Gandhi’s understanding of Judaism was more limited and prejudiced than his understanding of the other Abrahamic faiths of Islam and Christianity. For him, Zionist claims to Palestine were a “Biblical conception” and not geographical, though he did not use the same yardstick of a spiritual or abstract space for Palestinian Muslims. As the author writes, “Zionism was un-Gandhian in the sense that it was not utopian.” Gandhi failed to note that Zionism transformed Jews into a community in the national sense, a distinct nation like the distinct Muslim nationalist consciousness that paved the way to Pakistan. Both Zionism and the ML stood for religious nationalism and the Jewish demand for a homeland was no different from the ML’s demand for Pakistan. Gandhi was perhaps consistent in opposing the religion-based nationalism of both the ML and the Zionists, which ran counter to Congress’ territorial secular nationalism.
It is not churlish to mention that this otherwise penetrating book suffers from deficiencies. Due to the thematic format beloved of academics, there are innumerable repetitions, though a chronological, primarily historical, account would have served better. Another vexation is the needless numbering of arguments, reminiscent of pedagogical lecture notes. There are nine such “points” in chapter 10 and 12 in chapter 11. The author is prone to rhetorically use multiple descriptors; thus, “controversial, problematic, hypocritical and even selective,” and just two lines further down, “politically naïve, morally inadequate and even simplistic.”
It is not clear, when Kumaraswamy discusses Gandhi’s Jewish friendships, why he should expect anyone to share the views of his/her friends. There are misleading statements such as “The Holy Land, especially Jerusalem … was now promised to the Jews through the Balfour declaration,” and hyperbole, namely “When it comes to Israel, Palestine or the wider Middle East, Mahatma Gandhi enjoys near universal veneration.” The Jews text covers four and half pages and should have been given as an annexure. So too should the Balfour Declaration.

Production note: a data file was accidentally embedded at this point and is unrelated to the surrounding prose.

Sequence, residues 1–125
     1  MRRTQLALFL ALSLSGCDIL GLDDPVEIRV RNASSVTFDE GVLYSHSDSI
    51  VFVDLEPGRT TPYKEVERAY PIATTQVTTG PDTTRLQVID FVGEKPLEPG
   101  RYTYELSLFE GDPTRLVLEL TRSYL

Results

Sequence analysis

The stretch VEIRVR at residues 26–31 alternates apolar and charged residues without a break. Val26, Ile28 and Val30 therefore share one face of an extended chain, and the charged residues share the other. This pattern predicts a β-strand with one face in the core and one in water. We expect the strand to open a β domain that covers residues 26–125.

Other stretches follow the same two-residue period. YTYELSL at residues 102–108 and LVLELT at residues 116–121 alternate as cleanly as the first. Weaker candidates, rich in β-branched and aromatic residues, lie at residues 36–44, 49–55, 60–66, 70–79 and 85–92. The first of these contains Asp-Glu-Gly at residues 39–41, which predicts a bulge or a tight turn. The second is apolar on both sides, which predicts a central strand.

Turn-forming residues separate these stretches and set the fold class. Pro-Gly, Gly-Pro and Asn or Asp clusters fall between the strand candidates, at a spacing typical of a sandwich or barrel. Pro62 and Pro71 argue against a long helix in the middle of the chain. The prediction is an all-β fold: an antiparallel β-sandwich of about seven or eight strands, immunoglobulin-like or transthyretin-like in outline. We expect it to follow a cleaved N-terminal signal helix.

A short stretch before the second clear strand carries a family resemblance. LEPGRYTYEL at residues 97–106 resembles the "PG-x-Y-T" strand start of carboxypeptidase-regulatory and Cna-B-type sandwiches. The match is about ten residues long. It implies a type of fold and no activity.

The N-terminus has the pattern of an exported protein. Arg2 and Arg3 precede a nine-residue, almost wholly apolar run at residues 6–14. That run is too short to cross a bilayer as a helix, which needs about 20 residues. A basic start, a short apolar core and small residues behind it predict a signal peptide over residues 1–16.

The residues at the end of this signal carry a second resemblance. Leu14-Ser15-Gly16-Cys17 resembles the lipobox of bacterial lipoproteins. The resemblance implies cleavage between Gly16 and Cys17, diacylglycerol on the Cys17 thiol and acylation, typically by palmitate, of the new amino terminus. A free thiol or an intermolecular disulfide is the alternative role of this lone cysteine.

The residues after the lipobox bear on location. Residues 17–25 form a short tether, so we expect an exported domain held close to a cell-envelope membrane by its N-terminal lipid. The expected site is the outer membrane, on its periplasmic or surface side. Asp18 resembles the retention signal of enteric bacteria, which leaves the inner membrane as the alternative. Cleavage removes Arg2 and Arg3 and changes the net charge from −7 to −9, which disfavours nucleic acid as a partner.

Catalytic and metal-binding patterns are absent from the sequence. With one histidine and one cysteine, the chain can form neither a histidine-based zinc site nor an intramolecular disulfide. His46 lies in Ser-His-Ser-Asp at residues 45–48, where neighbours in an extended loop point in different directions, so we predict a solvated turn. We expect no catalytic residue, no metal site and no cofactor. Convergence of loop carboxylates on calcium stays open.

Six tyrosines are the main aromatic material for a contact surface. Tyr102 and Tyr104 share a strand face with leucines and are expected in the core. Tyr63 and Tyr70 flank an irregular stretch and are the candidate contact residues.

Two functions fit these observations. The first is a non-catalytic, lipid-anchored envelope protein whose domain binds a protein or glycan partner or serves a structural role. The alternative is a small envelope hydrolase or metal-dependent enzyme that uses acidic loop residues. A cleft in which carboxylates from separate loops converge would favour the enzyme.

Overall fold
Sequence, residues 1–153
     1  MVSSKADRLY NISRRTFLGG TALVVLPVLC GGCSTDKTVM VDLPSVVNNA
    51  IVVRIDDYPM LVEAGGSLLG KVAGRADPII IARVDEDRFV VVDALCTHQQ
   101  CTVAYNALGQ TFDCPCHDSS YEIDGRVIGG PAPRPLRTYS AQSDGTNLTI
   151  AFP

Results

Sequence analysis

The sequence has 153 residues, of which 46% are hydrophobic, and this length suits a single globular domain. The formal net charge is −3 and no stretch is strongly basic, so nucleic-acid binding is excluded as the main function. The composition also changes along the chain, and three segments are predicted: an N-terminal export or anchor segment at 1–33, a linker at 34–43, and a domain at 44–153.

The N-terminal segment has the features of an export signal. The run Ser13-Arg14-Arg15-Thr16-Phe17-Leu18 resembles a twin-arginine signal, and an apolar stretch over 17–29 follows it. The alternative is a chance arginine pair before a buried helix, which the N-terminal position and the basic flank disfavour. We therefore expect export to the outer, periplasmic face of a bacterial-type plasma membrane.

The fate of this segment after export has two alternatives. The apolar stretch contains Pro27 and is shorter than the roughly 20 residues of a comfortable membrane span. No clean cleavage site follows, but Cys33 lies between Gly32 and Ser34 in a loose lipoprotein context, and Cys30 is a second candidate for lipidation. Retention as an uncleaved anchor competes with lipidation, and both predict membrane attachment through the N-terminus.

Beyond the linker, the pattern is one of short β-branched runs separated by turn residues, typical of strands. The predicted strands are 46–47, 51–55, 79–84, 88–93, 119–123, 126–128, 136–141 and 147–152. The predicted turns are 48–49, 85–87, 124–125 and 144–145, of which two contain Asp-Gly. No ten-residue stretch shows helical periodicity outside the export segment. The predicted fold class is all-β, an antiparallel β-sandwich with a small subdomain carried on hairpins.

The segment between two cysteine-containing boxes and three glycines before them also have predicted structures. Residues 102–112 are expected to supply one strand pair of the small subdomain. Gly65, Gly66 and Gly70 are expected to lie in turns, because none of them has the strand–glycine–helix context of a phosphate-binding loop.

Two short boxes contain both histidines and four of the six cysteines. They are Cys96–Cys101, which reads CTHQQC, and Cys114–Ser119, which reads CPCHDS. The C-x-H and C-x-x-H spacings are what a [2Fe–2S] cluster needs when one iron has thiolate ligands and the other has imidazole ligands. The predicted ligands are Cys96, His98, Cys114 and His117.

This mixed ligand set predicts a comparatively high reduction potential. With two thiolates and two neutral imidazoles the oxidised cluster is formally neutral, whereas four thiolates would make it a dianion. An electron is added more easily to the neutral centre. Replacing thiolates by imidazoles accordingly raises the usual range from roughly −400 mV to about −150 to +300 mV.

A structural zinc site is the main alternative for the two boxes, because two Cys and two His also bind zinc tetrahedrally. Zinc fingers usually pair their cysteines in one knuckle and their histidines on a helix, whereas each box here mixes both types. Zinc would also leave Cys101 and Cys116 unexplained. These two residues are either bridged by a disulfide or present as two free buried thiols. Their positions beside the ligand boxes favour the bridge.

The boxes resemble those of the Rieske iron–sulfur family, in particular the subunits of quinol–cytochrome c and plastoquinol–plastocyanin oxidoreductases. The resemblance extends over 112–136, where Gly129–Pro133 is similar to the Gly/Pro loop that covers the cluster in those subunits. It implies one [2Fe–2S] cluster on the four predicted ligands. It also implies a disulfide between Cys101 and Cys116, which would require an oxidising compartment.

Gandhi cannot be wholly blamed for lack of knowledge and comprehension; the same applies to all in public life who can bestow limited attention to complex international issues. But he is rightly accused of deviousness, pontificating and assumption of moral superiority — “my opinion is based on ethical considerations…independent of results.” Saints are consistent; politicians are not. Gandhi was “an astute political leader” anxious to incorporate Indian Muslims in his movement. He plunged the Congress into the Khilafat cause to out-Islamize the Muslims thereby involving Indian Islam in the Middle East. Gandhi’s advice to Jews not to collaborate with imperialists did not apply to Bose’s alliance with the Nazis and Japan, and he later concurred that force was needed by the Indian state to repel Pakistani infiltration in Kashmir. Kumaraswamy subjects the sainted Gandhi to valid criticism for the opinions he expounds despite insufficient understanding, and lack of transparency. Gandhi’s plea for non-violence against the Nazis was nonsensical, and he did not urge this on the Arabs.
Available documents throw no light on Gandhi’s views on India’s federal, as opposed to the UN’s partition, plan of 1947. Adverting to the title of this book, is it possible to reconcile Gandhi’s opposition to Jewish nationalism with India’s new-minted friendship with Israel? India’s belated decision was motivated by several factors, none of which had anything to do with Gandhi. Consequently, as Kumaraswamy correctly states, squaring the circle “is a futile exercise.”
The reviewer is India’s former Foreign Secretary